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Topic: High precision servo control. (Read 5 times) previous topic - next topic


Thanks for the responses....
You don't really mention the end result of what you want to do, so suggestions are limited

The end result is to provide smooth control for a HPA (human powered aircraft)....

I'd like to achieve a resolution/repeatability of about 90 discrete positions in a 180 degree sweep of a servo arm (i.e. a repeatable accuracy of about 2 degrees). My experiments so far indicate that an arduino can easily control a servo to this level, the problem is finding a human input device that allows me to control the arduino equally accurately.

At the moment I recon I'm lucky if I can manage an accuracy of 10 degrees.

There are 20 turn precision pots
Yes, I've actually played with some of these in my earlier experiments and they do produce the desired results, but a 20 turn pot can't easily be incorporated into a aircraft style control column (not that you knew what I wanted to do with it on my first post)!

I believe the problem stems from the fact that most joysticks use a carbon track pot that only sweeps through only a few degrees, making repeat-ability very hard to achieve.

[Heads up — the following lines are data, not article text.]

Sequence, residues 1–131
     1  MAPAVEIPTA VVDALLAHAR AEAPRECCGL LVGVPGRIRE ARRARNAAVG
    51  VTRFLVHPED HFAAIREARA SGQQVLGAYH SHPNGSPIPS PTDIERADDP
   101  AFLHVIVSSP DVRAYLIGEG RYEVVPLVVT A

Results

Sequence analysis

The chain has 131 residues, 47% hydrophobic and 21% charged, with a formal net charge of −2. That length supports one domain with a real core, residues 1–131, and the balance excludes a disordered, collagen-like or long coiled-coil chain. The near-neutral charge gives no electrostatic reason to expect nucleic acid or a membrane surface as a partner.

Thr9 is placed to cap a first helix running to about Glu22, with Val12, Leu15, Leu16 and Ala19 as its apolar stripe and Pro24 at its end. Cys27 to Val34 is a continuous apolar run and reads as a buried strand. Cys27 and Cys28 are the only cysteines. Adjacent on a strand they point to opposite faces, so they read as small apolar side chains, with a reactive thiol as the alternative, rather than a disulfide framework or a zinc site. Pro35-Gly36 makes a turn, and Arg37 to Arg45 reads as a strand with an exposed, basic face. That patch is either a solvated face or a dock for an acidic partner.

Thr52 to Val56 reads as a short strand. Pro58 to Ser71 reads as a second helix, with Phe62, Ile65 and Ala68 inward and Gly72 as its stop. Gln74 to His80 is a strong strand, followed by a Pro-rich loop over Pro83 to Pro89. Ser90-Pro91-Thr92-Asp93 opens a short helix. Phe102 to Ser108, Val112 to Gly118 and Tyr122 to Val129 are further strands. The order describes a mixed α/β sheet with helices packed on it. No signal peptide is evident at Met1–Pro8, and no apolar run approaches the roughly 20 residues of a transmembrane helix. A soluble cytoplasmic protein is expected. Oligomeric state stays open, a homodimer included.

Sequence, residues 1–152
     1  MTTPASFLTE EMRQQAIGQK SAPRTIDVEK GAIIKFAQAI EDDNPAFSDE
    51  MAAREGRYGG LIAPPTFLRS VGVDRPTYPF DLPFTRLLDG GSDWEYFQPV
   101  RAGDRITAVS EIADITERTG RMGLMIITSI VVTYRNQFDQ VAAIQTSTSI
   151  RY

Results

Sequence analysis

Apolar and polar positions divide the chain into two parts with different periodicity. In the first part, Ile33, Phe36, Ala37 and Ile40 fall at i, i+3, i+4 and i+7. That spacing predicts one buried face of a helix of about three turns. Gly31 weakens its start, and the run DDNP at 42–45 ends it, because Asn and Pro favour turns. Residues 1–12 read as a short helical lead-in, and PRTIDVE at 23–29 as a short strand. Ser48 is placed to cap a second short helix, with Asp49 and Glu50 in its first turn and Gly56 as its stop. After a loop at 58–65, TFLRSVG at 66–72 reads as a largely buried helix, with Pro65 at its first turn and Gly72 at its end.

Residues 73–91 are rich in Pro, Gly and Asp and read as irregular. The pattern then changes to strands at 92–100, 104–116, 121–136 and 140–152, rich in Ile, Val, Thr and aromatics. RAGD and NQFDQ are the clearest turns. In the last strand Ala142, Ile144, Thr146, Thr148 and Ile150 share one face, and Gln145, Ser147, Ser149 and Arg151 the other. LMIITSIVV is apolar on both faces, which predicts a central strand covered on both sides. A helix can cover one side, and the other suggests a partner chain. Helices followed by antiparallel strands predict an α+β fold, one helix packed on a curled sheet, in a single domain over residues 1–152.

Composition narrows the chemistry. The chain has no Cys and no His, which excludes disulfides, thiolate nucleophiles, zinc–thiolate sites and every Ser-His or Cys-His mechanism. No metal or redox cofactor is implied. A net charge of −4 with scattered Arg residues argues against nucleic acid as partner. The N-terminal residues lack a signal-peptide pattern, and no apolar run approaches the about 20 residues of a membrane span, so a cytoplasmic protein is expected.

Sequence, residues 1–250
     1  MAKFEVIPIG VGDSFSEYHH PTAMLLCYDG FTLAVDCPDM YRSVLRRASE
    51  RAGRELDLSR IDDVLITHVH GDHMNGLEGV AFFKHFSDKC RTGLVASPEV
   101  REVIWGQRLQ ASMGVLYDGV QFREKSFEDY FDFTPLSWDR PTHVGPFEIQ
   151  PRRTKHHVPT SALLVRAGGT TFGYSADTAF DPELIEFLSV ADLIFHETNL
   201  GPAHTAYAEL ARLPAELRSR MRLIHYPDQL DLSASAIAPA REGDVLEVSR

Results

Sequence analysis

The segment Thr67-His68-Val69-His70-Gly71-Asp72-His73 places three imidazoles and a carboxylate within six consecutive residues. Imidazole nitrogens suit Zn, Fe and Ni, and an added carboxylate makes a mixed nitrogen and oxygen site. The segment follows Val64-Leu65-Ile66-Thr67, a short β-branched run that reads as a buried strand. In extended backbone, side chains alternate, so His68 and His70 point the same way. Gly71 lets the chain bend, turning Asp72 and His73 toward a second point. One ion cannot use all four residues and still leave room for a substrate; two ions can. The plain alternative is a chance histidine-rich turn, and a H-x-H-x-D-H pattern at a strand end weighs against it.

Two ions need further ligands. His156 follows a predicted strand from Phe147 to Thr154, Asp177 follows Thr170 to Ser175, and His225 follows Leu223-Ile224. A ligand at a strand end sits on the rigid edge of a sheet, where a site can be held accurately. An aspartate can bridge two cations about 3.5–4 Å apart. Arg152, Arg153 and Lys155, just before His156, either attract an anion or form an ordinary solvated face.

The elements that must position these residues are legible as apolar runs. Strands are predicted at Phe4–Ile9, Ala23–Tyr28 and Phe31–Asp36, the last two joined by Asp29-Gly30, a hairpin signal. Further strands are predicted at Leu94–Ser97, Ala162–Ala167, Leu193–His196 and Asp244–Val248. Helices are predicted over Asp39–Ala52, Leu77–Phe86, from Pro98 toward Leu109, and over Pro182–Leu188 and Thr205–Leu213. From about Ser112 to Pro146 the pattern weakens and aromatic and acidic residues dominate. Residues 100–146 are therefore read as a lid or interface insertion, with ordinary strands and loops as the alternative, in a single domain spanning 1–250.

That SparkFun 'joy stick' pot is pretty much garbage as far as resolution and repeatability goes
I know, at least I they're cheap and I didn't waste too much money finding out how bad they are!

Ideally I'd like a lightweight, high accuracy joystick. unfortunately many of the easily obtainable joysticks just use on/off microswitches to crudely detect position, the high accuracy joysticks (from electric wheelchairs and industrial diggers) cost a fortune, so I'm really just left with making something - hence the reason for this post.



Silly suggestion maybe, but what about PC flight simulator joysticks ?

Duane B



Aurora 9 joysticks are available and quite reasonably priced.  The usual difficulty with joysticks like these is they only swing about 1/5 of the total pot travel.  To get a full ADC count, you may need to use an external analog reference. 



what about PC flight simulator joysticks ?

I have tried these, but the performance you get from them isn't always good enough.

Another issue here is weight, the target weight for a HPA is normally less than 35kg, so a 250gram (or more) joystick is significant.

What I'll probably end up doing is using an old joystick and stripping all the redundant switches and plastic housing off it to reduce the weight.



The problem seems to be finding a type of control that a human can position accurately to one of ninety discrete settings. I suppose you could use a rotary pot with detents (notches) so that it clicked into each discrete position, that would rely on the pilot counting the notches or having a dial to indicate the current position. If you can provide any sort of feedback (digital display of the actuator position?) then you could just use a rotary encoder to move the actuator in steps and not have to worry about the absolute position of the control.
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